ADR: The 'Son of a Bitch trilogy' (we know how dumb it all sounds) took more than three years to write. The writing sessions for that started off fun but as time drew on tension and stress settled in. That was just on the production side of things. Outside, our lives were all drastically being reshaped and formed due to personal events. Some happy, some tragic. It was just a weird vacuum to be writing music in. Everyone needed space. We took it. We honestly thought we buried Alter der Ruine the day we signed off with that stupid video. Then we sorted out our issues and reanimated this thing and put out 'I Will Remember it All Differently'. While it is our most polished album to date, it is also our rawest. We exorcised some weird, dark stuff while writing it.

IVM: Thankfully you reformed Alter Der Ruine in 2013. What led to that decision so soon after breaking up?

ADR: Even though we proclaimed ADR dead we kept working together on music. We were going to start a new band but hated the idea of breaking in something new. Rather than start over we just wrote the music with no aim for where it would land. Then we had the opportunity to play Resistanz as ADR (thanks to Surgyn, Leighton and Phyll. Without those names our band would probably not exist anymore). We wrote a new song for the festival compilation, had a great time playing the fest and by the time we landed back in the US, Alter der Ruine was back in action.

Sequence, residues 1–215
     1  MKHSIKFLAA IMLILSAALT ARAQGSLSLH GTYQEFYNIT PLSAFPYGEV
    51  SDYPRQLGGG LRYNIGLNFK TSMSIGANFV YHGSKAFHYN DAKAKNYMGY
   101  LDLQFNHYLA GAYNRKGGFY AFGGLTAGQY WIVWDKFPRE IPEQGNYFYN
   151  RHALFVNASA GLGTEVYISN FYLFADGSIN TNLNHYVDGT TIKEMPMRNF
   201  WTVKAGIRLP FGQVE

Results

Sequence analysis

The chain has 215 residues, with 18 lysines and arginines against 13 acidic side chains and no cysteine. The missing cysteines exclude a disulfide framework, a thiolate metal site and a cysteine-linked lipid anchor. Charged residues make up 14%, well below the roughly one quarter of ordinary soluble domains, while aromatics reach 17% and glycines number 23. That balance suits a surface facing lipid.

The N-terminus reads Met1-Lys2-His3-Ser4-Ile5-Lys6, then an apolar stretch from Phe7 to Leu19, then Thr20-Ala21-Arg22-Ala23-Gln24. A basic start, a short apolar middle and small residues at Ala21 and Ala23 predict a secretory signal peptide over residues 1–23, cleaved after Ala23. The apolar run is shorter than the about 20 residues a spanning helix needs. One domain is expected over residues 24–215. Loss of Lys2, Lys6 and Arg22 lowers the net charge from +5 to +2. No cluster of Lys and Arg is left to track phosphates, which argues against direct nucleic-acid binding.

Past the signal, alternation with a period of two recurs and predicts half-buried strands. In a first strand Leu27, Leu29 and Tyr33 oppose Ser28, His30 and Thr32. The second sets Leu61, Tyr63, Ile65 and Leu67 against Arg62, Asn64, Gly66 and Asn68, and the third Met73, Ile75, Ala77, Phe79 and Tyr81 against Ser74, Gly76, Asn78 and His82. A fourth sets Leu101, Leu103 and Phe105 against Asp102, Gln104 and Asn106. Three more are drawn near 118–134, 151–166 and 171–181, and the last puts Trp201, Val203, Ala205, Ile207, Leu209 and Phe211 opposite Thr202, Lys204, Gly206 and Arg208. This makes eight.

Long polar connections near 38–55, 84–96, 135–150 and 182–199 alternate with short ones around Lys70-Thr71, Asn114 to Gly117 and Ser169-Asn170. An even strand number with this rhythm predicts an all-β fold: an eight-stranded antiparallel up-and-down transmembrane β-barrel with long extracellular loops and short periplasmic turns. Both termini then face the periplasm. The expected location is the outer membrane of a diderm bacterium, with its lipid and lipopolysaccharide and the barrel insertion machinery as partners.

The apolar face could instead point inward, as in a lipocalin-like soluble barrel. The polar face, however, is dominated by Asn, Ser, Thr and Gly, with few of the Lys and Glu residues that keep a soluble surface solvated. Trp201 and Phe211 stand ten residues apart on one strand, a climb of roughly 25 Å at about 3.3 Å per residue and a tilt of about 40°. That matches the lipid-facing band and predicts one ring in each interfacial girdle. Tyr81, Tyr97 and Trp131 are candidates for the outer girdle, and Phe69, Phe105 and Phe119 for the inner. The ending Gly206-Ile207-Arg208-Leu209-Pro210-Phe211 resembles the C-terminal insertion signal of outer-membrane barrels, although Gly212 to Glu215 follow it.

IVM: The band has a new member in the form of Tamara Jenney. What impact has this had on the band dynamic?